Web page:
By Donella Meadows
–August 10, 1989–
Skeletons of elm trees still stand in the valley where I live. They have succumbed to Dutch elm disease so recently that they haven’t yet been cut down. The dead branches hold their curving V shapes, like huge elegant vases, reminders of a beauty that is now only a memory.
Only a memory, except on the Dartmouth College campus, where 150 American elms are still alive, graceful, and green, casting welcome summer shade on the lawns. About half of them are mature trees, their branches arching out 50 to 80 feet overhead. The other half are youngsters. Bob Thebodo is actually optimistic enough to plant new elms.
Thebodo is in charge of Dartmouth’s 1200 campus trees. He has every one of them mapped, has a computer printout with each tree’s vital statistics, knows each personally. “That big elm back of Baker Library, that’s my favorite. Hasn’t given me a bit of trouble.”
Though he likes all trees, Thebodo has a special respect for elms. They’re tough, he says, a good urban tree, tolerant of salt, pavement, and pollution. They’re only bothered by Dutch elm disease and construction. Every time Dartmouth digs up a phone line, a sewer line, or a steam pipe, the roots of an elm tree are likely to get cut. The weakened tree attracts the elm bark beetle, the carrier of the fungus that causes Dutch elm disease.
Elms may be tough, but Thebodo has to give them a lot of help these days. Sanitation is the first line of defense; Thebodo cuts back immediately any limb that shows a sign of infection. The second defense is fertilization, keeping the trees healthy enough to resist disease.
The third line of defense is chemotherapy — injecting into the vascular system of each tree a fungicide called Arbotect. The earth is carefully dug away to expose the root flare several feet down. Holes drilled into the roots are attached to tubes through which flows dilute Arbotect (“$215 a gallon — liquid gold”). One treatment is good for three years; one-third of the trees must be done each year.
The fungicide and the drilling do some damage to the tree’s tissues. Thebodo doesn’t know how long this treatment can be continued before it does more harm than good. He hopes he can keep it up indefinitely, because the chemical directly attacks the fungus, nothing and no one else — which cannot be said for the fourth and most controversial line of defense.
Every spring Thebodo sprays the insecticide Dursban to knock back the population of elm bark beetle. It isn’t easy to spray a full-size elm tree. You have to suit up in a rubber outfit, gloves, and a respirator, and either shoot down from a cherry-picker or up with a high-powered sprayer. Spraying can be done only on rainless, windless nights when the temperature is above 40 degrees. Back when he sprayed more trees more often, Thebodo had to wait many nights for the right weather, then work all night to get the job done.
Before Thebodo’s time the insecticide of choice was DDT and the spraying was frequent. Then DDT was banned and Dartmouth turned to methoxychlor, twice a year on all elms. Now Thebodo prefers Dursban, one of the most commonly used horticultural chemicals in America.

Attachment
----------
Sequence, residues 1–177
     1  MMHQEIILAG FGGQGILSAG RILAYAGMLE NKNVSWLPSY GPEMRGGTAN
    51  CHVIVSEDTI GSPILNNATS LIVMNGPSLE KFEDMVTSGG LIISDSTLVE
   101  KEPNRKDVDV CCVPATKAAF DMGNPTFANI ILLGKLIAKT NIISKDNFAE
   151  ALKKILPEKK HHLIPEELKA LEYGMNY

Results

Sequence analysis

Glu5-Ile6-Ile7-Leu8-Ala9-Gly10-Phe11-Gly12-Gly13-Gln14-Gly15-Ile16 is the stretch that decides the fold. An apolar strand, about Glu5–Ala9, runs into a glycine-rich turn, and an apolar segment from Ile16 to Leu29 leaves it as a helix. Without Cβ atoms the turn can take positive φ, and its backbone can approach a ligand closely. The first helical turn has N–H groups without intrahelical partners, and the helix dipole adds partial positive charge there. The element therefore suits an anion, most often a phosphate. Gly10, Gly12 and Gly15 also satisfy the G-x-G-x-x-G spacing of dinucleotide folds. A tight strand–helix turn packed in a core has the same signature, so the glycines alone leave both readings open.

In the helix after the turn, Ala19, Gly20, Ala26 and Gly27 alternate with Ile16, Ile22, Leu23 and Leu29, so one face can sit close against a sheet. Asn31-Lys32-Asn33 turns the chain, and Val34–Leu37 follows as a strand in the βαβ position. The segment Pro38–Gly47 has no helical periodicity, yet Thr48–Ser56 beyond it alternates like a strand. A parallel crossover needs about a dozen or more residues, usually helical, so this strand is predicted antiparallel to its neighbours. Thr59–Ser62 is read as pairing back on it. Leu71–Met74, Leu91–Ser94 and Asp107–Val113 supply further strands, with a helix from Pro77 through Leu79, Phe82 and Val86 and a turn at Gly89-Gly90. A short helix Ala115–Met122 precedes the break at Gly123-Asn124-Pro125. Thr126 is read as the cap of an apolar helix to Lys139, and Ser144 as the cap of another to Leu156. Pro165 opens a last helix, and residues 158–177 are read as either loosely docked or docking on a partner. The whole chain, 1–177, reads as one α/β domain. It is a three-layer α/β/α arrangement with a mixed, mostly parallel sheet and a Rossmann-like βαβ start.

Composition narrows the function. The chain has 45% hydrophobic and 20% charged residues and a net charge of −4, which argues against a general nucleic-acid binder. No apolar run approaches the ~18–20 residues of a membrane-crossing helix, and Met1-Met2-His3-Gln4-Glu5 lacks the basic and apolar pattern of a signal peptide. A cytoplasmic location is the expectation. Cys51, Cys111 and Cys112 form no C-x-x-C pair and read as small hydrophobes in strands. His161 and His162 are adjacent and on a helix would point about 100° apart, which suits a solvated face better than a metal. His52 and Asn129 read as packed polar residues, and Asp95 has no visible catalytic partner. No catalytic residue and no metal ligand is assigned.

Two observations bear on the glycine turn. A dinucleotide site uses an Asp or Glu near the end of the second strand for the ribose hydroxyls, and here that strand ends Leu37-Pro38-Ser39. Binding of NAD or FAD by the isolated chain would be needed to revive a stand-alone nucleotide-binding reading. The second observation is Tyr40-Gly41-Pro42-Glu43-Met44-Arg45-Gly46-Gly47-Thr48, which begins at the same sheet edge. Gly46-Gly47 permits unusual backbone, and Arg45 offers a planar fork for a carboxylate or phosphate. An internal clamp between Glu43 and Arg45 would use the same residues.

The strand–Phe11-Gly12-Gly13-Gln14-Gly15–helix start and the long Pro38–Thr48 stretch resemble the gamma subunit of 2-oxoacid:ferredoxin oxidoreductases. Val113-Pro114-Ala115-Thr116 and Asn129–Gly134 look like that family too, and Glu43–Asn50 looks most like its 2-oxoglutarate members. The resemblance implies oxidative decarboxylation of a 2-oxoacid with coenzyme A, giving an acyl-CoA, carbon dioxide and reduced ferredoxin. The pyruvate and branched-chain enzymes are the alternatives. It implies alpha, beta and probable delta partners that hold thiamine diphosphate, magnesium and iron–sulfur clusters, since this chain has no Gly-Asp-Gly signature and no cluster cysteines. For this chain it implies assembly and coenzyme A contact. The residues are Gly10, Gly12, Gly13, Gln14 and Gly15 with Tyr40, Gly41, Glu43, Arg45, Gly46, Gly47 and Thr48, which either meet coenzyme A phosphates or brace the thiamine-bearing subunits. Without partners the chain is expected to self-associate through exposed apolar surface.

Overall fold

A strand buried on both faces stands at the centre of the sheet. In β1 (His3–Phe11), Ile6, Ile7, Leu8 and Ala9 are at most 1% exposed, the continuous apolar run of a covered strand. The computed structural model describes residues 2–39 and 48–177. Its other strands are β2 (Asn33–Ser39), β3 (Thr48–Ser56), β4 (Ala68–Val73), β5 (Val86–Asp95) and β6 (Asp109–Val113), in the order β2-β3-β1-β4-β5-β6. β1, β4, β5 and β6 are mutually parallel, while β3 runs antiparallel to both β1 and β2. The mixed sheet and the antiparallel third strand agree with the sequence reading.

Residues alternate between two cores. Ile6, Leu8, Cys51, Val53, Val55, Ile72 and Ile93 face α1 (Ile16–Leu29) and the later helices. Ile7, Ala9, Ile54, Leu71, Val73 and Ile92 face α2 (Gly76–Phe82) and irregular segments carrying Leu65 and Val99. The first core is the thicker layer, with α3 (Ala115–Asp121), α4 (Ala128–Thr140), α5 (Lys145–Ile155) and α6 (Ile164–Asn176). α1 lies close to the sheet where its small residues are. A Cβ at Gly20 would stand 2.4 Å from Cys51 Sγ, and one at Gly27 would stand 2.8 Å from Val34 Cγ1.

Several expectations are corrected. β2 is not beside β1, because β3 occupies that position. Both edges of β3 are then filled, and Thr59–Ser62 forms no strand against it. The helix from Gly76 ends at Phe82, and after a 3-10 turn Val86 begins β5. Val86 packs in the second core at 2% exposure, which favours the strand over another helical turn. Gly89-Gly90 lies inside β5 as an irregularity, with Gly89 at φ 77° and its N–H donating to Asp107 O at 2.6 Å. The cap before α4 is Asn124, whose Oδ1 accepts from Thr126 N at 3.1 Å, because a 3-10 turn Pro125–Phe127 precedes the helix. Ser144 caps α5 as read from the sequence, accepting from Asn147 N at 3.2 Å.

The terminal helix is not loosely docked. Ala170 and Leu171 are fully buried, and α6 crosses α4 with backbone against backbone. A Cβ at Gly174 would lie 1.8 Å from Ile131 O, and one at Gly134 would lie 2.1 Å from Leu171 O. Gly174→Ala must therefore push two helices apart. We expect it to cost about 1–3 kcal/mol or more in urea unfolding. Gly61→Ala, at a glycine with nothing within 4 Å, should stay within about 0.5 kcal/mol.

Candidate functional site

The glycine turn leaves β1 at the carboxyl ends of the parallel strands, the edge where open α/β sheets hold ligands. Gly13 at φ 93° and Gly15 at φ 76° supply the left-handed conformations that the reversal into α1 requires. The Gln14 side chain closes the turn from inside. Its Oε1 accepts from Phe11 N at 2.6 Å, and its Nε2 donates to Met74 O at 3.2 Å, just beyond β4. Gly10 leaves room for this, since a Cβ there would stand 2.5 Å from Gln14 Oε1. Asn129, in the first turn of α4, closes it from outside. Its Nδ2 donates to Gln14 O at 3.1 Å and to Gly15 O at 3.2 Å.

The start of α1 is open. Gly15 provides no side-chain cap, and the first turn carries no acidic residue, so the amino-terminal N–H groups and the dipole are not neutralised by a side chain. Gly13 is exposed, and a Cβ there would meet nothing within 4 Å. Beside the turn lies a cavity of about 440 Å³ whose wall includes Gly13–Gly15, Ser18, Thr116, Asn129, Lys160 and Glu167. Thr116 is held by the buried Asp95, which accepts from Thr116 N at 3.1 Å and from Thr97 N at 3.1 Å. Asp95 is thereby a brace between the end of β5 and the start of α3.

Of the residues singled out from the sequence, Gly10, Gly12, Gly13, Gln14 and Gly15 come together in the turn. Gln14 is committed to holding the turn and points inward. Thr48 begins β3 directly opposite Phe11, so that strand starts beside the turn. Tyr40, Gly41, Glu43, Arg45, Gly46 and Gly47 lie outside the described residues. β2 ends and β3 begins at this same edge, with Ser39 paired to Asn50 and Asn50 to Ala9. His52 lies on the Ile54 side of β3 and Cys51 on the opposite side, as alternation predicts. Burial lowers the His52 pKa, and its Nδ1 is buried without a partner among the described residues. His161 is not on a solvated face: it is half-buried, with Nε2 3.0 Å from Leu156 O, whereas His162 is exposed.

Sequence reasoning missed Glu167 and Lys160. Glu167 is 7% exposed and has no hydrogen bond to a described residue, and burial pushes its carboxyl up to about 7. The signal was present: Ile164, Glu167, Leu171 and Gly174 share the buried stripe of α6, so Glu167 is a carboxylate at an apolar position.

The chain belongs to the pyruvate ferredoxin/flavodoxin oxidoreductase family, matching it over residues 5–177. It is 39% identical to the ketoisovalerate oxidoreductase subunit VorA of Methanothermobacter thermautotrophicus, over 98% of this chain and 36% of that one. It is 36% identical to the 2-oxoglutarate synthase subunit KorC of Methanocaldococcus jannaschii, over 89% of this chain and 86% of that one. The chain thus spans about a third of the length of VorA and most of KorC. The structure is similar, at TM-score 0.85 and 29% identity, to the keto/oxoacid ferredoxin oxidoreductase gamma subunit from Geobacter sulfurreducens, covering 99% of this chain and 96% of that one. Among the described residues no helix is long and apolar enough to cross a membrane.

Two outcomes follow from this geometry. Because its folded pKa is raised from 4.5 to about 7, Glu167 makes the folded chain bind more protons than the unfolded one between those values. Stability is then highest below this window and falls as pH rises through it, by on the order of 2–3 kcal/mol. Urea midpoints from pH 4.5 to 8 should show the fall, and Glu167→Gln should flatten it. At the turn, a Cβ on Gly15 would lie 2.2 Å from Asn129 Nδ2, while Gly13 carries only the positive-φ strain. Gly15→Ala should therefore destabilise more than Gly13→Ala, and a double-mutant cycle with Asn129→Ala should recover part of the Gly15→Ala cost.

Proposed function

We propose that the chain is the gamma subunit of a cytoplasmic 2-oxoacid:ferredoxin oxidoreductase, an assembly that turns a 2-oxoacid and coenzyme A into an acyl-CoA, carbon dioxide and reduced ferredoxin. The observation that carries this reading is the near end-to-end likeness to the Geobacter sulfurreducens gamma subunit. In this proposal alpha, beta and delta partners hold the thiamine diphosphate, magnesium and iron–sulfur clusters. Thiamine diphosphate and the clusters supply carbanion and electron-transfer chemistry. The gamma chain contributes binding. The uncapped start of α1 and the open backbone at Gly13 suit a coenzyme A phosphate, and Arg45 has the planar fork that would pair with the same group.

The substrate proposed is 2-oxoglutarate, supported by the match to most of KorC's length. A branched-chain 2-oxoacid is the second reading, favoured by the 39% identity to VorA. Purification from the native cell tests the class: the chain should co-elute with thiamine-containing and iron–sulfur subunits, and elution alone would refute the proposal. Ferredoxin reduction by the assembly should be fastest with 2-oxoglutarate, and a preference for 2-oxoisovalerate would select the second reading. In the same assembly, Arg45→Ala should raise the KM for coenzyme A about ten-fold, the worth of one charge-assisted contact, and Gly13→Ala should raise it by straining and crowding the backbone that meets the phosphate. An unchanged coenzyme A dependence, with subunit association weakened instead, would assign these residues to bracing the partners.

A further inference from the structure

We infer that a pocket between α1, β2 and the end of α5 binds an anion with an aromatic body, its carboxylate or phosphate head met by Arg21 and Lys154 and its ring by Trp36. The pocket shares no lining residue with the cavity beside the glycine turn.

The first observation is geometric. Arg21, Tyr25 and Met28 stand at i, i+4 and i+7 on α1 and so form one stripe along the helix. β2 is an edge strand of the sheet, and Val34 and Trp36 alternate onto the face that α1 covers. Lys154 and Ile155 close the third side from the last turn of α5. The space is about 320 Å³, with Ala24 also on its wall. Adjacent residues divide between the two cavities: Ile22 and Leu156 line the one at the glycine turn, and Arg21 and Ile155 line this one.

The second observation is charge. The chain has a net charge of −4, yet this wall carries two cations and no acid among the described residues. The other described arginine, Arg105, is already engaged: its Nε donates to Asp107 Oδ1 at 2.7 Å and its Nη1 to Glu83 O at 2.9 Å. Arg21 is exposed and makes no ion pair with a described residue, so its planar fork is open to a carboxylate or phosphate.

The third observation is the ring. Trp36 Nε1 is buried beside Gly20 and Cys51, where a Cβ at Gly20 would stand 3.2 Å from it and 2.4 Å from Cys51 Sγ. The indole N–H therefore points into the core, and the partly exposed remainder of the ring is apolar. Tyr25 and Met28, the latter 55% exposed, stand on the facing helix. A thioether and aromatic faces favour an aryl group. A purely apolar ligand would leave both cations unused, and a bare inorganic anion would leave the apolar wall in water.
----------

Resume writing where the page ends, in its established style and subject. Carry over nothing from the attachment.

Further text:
The active ingredient in Dursban is chorpyrifos, an organophosphate. It affects the membranes of nerve cells, disrupting the pattern of nerve firing. Therefore it deranges virtually every body function, not only in insects, but in any creature that has nerves.
Dursban is very toxic to birds, fish, crustaceans, and bees. In human beings it causes headache, confusion, convulsion, blurred vision, vomiting, fatigue, and tremor. Dursban has not been tested for its tendency to cause cancer. In fact it may not have been properly tested for anything, since its federal approval was based on data provided by Industrial Bio Test Labs, whose executives have been sent to jail for faking test results.
Every time Bob Thebodo sprays Dursban, he gets angry phone calls from a few people in the community. Thebodo sympathizes with them, but he says he has done everything he can think of to reduce his use of pesticides — everything except give up the battle against Dutch elm disease.
He has tried pheromones, hormones that attract insects into traps. He found they were only effective against European bark beetle; the beetle infesting the campus is a native one. He tried girdling a few trap trees, unwanted young elms, weakening them to attract beetles, so he could selectively spray only those trees. That didn’t slow down the disease. He planted “disease resistant” varieties and they promptly contracted the disease.
Until he thinks of something else to try, Thebodo has reduced the Dursban spraying to only the biggest, most scenic, most stressed trees around the central Dartmouth green, and he just endures the hostile phone calls.
“I try to be in the middle, not spraying every bug, but not avoiding all spray either. These people are yelling at me about something I don’t even like to do.”
With all his precautions, Thebodo loses five or so elm trees a year. He mourns every one that comes down, and so do I. I drive past the elm skeletons along the roadsides and then come to Dartmouth’s living trees and rejoice. That’s difficult to admit, because I also happen to be a pesticide hater. I know well and thoroughly distrust the federal pesticide regulatory system. I agonize when poisons are sprayed where people, bees, songbirds, and earthworms have to live. I refuse to use sprays on my farm, and I’ve lost every elm tree.
So here I am, a bundle of contradictions, hoping Bob Thebodo can keep those magnificent trees alive long enough and experiment persistently enough to find a way of protecting them without having to drench the land with poison. And next week I will write, also with sympathy and hope, the story of one of those people on the telephone trying to get him to stop spraying.
Copyright Sustainability Institute 1989